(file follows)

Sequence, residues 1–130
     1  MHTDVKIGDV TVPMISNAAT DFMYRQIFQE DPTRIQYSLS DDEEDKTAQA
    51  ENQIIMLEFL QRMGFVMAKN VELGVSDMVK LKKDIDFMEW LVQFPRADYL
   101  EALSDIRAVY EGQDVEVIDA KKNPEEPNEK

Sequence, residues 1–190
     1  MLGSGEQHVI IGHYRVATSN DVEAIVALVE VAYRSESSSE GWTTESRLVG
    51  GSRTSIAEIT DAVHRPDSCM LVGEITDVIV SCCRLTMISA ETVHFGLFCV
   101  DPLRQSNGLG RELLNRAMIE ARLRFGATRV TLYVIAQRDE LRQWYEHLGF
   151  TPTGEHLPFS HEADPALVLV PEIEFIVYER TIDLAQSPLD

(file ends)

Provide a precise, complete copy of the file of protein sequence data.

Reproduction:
Sequence, residues 1–130
     1  MHTDVKIGDV TVPMISNAAT DFMYRQIFQE DPTRIQYSLS DDEEDKTAQA
    51  ENQIIMLEFL QRMGFVMAKN VELGVSDMVK LKKDIDFMEW LVQFPRADYL
   101  EALSDIRAVY EGQDVEVIDA KKNPEEPNEK

Sequence, residues 1–190
     1  MLGSGEQHVI IGHYRVATSN DVEAIVALVE VAYRSESSSE GWTTESRLVG
    51  GSRTSIAEIT DAVHRPDSCM LVGEITDVIV SCCRLTMISA ETVHFGLFCV
   101  DPLRQSNGLG RELLNRAMIE ARLRFGATRV TLYVIAQRDE LRQWYEHLGF
   151  TPTGEHLPFS HEADPALVLV PEIEFIVYER TIDLAQSPLD